We have been in a bit of a Civil War kind of mindset these days with all the 150th anniversary events going on up at Gettysburg earlier this month, so today we have a Civil War train song. The authenticity police out there may point out that the man who wrote this song, Robbie Robertson, is not a died-in-the-wool Confederate, but a Canadian. However, the song does accurately capture the plight of Confederate soldiers in the early days after Lee’s surrender. The video posted here is from The Last Waltz, a recording of the legendary last performance of The Band.
The song tells the story of Virgil Caine, who served “on the Danville train,” which undoubtedly refers to the Richmond & Danville line, a crucial rail corridor linked the capital of the Confederacy with North Carolina, and the rest of the rebellious nation. The last Union attacks on Petersburg were designed to sever this line and isolate the capital Richmond. Attacks on railroads were common during the war – Sherman’s men left a trail of “Sherman’s Neckties,” twisted and mangled pieces of track, all through their march through the South.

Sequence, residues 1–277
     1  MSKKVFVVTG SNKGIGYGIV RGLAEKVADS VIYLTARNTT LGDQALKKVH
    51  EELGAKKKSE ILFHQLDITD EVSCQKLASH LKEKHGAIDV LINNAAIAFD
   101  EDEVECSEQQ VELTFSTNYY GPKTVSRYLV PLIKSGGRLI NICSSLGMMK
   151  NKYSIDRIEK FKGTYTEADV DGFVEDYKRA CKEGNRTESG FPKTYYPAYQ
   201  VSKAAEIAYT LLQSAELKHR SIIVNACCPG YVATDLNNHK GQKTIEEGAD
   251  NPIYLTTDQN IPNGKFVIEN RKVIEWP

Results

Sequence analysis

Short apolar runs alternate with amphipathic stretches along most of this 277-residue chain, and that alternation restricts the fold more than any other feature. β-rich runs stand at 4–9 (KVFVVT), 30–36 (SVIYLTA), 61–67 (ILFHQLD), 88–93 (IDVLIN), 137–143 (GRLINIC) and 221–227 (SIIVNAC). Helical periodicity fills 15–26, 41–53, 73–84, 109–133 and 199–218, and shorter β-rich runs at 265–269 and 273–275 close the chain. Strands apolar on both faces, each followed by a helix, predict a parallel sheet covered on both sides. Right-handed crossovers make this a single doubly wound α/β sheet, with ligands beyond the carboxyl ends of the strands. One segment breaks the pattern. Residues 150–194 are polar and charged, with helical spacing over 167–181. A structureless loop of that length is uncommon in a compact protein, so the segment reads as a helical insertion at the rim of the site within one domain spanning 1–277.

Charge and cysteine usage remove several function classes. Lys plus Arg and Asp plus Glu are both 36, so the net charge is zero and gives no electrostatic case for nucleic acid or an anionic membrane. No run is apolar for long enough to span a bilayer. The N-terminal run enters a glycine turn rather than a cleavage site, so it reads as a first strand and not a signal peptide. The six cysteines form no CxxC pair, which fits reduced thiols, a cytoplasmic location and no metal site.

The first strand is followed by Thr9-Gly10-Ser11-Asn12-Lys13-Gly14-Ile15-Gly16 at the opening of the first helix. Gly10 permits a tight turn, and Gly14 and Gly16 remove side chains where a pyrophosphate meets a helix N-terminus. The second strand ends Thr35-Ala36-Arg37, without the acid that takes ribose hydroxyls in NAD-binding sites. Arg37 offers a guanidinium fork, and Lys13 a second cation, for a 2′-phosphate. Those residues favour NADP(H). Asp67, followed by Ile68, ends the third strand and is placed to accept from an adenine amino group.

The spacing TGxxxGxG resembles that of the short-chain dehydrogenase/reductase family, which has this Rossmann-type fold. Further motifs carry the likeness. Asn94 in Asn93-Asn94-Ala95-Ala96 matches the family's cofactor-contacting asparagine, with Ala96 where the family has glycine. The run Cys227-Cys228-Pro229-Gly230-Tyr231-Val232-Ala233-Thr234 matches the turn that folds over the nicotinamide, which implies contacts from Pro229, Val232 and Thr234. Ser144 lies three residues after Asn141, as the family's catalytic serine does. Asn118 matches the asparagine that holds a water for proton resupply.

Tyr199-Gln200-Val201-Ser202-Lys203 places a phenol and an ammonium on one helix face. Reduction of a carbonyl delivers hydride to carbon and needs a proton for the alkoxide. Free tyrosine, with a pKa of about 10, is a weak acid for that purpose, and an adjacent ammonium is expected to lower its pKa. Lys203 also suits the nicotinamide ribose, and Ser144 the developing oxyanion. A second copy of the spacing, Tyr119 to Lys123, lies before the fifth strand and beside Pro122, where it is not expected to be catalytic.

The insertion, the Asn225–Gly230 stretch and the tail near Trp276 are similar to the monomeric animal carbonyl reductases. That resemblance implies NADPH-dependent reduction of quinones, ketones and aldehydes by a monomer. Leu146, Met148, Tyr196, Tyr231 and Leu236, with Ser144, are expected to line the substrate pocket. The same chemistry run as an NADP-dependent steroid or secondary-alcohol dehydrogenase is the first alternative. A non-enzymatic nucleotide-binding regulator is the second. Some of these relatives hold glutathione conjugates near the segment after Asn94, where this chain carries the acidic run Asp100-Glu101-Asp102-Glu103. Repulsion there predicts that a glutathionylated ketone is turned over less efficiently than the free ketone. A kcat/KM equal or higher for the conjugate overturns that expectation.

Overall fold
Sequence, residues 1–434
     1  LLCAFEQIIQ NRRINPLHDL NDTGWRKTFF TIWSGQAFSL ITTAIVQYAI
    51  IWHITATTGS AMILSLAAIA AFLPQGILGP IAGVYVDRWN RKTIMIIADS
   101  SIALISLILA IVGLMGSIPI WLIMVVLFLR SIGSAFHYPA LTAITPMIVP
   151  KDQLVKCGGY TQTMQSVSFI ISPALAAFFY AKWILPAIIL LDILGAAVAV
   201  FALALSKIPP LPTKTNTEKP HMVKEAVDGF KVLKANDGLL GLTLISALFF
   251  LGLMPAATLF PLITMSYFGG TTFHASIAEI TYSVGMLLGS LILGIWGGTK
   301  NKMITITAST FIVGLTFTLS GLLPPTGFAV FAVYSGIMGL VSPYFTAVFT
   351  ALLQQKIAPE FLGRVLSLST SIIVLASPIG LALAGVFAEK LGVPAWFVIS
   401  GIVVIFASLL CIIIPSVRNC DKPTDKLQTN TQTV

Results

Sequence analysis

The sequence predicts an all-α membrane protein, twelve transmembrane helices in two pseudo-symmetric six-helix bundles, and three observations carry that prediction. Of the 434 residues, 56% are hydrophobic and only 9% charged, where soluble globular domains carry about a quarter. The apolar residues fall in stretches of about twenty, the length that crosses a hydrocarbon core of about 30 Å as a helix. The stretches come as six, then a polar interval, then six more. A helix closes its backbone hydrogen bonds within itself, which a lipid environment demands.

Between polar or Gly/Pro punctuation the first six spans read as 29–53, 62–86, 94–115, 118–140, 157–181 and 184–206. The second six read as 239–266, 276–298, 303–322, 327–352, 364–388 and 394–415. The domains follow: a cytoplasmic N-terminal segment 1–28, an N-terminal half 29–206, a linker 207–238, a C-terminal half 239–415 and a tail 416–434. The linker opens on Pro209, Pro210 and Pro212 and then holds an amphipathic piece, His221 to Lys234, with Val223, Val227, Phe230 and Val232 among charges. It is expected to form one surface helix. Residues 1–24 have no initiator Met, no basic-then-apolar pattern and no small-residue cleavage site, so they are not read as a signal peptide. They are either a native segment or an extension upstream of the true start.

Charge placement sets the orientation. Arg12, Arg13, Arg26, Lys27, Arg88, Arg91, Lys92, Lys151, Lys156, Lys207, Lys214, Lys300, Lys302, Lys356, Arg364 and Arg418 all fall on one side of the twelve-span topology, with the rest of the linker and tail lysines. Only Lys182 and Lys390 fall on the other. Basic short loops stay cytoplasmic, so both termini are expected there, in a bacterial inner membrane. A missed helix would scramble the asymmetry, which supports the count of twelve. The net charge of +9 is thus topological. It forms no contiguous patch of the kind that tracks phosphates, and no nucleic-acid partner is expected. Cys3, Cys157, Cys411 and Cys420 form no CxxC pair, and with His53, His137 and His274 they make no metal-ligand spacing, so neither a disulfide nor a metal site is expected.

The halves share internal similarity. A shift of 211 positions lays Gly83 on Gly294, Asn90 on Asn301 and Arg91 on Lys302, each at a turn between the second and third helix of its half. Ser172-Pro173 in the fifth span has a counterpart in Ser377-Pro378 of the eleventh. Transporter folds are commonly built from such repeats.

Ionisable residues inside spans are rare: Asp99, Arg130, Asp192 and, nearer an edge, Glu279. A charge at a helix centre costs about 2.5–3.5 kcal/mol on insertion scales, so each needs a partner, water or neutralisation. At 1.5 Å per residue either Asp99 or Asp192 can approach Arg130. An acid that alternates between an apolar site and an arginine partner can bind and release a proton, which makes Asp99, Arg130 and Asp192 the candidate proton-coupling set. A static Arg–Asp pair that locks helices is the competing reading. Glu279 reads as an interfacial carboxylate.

The rest of the song is a powerful portrait of the man’s struggles, describing his wife back in Tennessee, and brother felled by Union bullets. Indeed, its a testament to the power of the song, that it sounds like it could have been written in 1865 by some forlorn Johnny Reb. Even an unabashed Yankee like myself can appreciate the plight of the common Confederate soldier after the war, though if the youtube videos and comments on this are to be believed, the song is a bit of a magnet for the neo-Confederate types looking to tell their version of the war.
As a bonus version, here is bizarre cover of the song featuring Joan Baez and some muppets. She flubs the Stoneman’s cavalry line as well, substituting Stonewall Jackson, who fought for the South and who was dead for 2 years before the events of the song. I honestly don’t think I am old enough to understand why this exists, but its certainly an interesting rendition.